First up…Norse versus Vikings…let’s straighten that out first. As the guy in the movie at the l’Anse aux Meadows (it’s pronounced like lance ah meadows…hey, it’s French) World Heritage site said…Vikings sounds so much more cool than Norsemen that the term Vikings is generically used. But here’s the deal…they were Norsemen first and Vikings second. Norsemen…and Norsewomen of course…are a Germanic strain of European stock that populated the Scandinavian countries. Most people think that they’re Norse because they come from Norway…but they actually inhabited Sweden and Denmark as well as Norway…and like most people everywhere…they were farmers, herdsmen, hunters, smiths, ironworkers and all the other occupations a culture needs to survive. However…they also invented the famous Viking longboat with the dragon prow, shields on the sides, and red and white striped seals in about the year 850AD or so…and like a lot of people back at that time they went on raids…and called themselves Vikings when they were on their raiding trips. They pillaged along all of the northern coastline of Europe and the UK as well as the Baltic Sea and into the Mediterranean all the way to the Middle East…while others went on first exploration journeys and then settlement journeys to Iceland about a week or so’s travel from Norway, then on to Greenland, and eventually on to North America as I’ll talk about in a bit. So Norse was their nationality and Viking is kind of a period term for what we would call SEAL Teams today I guess…they were raiders but also explorers and traders. So that’s the first “more properly” taken care of…you should use either term for them depending on what portion of their culture and activities you’re referring to.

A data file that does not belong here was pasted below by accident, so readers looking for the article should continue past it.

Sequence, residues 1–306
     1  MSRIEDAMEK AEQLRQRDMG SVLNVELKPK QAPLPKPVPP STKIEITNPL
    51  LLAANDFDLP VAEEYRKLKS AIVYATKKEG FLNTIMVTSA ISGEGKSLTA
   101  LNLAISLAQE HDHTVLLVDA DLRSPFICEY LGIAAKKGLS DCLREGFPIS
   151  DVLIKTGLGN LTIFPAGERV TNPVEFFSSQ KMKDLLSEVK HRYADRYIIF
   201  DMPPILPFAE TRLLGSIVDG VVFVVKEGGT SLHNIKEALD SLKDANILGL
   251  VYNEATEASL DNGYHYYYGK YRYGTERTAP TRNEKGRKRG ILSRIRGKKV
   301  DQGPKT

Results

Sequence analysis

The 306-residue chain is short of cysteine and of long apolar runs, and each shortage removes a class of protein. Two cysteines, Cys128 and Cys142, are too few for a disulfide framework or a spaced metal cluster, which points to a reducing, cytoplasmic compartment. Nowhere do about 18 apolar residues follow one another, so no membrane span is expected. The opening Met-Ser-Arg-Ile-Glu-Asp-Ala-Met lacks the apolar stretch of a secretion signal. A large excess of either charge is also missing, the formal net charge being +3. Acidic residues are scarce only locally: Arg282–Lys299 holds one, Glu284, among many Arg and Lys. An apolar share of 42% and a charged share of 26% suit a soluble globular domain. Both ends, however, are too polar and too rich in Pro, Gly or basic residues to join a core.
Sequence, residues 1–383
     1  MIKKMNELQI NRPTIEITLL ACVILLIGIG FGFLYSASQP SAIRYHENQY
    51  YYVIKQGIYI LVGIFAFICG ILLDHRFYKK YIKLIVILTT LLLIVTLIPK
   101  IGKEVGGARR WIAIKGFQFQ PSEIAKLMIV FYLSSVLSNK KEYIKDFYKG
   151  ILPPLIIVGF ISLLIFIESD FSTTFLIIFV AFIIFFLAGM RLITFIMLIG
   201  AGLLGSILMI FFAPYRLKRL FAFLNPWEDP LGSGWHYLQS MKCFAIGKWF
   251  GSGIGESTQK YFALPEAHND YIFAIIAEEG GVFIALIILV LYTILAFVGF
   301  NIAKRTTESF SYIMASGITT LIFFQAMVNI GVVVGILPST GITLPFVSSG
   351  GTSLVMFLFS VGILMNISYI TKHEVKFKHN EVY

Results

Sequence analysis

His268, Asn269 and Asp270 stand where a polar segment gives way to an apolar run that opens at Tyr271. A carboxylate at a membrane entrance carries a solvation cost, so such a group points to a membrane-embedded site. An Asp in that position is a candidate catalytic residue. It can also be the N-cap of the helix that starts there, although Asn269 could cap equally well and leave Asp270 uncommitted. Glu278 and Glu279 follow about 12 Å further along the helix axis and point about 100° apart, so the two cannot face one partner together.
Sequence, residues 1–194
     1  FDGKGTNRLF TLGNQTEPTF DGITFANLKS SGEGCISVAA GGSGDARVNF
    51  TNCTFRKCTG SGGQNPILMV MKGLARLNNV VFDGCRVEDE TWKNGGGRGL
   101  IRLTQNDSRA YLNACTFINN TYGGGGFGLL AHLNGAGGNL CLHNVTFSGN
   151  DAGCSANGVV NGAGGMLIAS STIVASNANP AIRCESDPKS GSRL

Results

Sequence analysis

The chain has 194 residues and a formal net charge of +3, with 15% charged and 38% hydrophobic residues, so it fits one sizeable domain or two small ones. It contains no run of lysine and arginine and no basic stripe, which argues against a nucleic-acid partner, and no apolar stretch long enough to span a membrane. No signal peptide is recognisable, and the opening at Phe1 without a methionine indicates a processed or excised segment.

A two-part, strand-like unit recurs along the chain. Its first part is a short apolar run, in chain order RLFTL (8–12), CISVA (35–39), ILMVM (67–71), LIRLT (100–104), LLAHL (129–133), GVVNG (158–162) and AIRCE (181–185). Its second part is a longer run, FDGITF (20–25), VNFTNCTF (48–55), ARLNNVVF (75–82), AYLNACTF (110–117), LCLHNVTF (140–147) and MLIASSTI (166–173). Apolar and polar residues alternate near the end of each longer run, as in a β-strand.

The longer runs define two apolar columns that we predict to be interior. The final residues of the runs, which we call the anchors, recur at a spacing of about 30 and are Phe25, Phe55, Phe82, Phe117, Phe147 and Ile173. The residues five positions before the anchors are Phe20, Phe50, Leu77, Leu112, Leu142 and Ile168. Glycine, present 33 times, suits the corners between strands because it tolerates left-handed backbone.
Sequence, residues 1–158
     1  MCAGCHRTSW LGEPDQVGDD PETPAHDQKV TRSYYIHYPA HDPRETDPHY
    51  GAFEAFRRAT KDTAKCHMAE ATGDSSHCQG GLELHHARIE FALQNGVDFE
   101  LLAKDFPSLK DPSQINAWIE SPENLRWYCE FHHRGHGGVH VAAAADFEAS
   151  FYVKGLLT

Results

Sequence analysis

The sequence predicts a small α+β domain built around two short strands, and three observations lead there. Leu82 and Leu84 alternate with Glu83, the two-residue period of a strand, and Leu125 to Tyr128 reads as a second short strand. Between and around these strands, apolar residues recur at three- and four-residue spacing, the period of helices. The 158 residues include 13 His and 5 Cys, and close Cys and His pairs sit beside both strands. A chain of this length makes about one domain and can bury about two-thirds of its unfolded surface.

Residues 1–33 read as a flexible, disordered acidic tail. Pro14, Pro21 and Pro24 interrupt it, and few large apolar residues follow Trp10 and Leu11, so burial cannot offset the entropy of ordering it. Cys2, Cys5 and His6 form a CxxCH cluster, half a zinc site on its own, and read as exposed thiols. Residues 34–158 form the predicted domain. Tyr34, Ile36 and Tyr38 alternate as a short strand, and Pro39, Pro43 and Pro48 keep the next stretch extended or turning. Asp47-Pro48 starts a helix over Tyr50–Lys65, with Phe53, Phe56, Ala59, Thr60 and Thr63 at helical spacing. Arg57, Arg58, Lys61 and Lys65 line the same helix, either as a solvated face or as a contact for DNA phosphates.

The second “more properly” is whether the building site here at l’Anse aux Meadows is a settlement or not…and there it’s really a matter of semantics. Settlements are intended to be long term colonies with a permanent presence and hence have fields to farm, livestock, women and children and all the other accoutrements of what one would call home. A base camp is a temporary living arrangement so you don’t have to sleep on the ground while you’re temporarily in a location for whatever reason.